With the recent release of Hunger Games: Catching Fire, it seems like an appropriate time to be thinking about the relationship between cinema and books. The Hunger Games trilogy is just one in a long line of book series’ and novels that have been adapted for the big screen; others include the Harry Potter series, the Lord of the Rings, Marley & Me, Pride and Prejudice and the Twilight series. Some of these adaptations have worked; they’ve paid off and made the series’ author millions, started franchises and brought new actors to centre stage – others haven’t. Most of the time, it’s up to your personal opinion as to whether the film-version of a book makes the cut, some people may even think the film adaptations that have had huge success in the box office aren’t a success at all, because they don’t follow the feeling of the original book, or stray too far from the novel’s plotline. But is this being too harsh on adaptations and what they portray.
Films and books might both be tools to entertain us, but in truth, these two tools are very different types of media. The original purpose of film and cinema was to entertain and communicate with the masses; it excites all of our senses. We see the image projected on the big screen, the explosions, tense musical score or laughter ring in our ears whilst we taste the salty tang of popcorn and feel the goose bumps rising on our arms as our body subconsciously reacts to that terribly chilling scene. It isn’t just films that make us feel these things, but books give us these emotions in a very different way; books are more subtle. We can devour a book (if it’s good); it can engross us so completely that we ignore our surroundings and their distracting smells and sounds. Hunger, thirst and tiredness can all disappear so that nothing exists except for the words on the page and our brilliant imaginations that are creating vibrant moving pictures inside our heads.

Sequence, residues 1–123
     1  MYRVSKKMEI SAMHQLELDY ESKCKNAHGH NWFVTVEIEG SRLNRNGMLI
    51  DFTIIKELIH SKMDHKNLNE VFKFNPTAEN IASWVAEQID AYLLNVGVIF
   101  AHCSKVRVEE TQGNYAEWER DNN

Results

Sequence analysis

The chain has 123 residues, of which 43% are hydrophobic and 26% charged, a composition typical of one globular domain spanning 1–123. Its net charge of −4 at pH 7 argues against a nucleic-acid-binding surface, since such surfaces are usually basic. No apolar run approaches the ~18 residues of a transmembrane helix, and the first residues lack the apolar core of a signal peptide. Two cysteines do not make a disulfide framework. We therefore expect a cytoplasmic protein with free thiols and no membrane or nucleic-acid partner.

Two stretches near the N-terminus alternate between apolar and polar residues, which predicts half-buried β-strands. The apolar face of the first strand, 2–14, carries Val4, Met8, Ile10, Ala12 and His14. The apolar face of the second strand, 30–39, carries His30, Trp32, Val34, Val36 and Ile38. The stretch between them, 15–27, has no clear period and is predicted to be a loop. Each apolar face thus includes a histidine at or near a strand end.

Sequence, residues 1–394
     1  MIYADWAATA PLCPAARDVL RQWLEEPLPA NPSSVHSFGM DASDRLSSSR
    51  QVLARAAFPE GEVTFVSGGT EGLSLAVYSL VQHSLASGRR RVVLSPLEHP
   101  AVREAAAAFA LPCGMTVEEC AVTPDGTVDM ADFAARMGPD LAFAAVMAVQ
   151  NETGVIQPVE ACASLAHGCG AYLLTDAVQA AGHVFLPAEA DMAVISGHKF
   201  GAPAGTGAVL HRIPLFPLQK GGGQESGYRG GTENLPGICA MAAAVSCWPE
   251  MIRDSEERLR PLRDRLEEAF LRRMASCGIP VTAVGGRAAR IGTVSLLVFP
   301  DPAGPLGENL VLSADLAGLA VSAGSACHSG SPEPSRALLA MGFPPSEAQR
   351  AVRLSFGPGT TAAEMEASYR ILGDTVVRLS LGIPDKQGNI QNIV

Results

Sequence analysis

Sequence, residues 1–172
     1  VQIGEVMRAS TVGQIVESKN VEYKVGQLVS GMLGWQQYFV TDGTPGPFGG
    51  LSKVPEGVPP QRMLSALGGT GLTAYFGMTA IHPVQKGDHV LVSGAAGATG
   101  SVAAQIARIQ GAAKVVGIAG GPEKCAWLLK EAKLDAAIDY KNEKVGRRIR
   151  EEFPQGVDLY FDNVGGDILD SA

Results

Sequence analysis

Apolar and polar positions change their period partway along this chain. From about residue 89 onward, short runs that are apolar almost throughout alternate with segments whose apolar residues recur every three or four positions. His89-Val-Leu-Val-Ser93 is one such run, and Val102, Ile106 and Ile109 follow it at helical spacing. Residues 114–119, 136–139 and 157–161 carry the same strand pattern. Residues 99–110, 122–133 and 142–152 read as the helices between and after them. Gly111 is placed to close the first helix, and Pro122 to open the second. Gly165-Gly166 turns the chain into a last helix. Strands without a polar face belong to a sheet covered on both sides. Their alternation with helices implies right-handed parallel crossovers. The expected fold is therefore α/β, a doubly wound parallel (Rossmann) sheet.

So maybe that’s the difference between books and film; the way that we view films from the outside and are carried along for the ride, whilst with books we are the creators of the images we see. This could explain why it’s not uncommon to hear that the film version of a book ‘isn’t as good’ as the book itself – or potentially we are judging the film that we see based on how the book has made us feel, when really they are two separate entities that we should view as the works of entertainment that they are. The truth is that from cinema’s earliest days the written word has been adapted for the screen and this is something that we will have to accept. So maybe the film adaptation of a book might not personally impassion us the same way as the book does, but it can still be an entertaining night out at the cinema. Except for Twilight, because that sucked as both a book and a film.
Sophie Kilipsbookmark me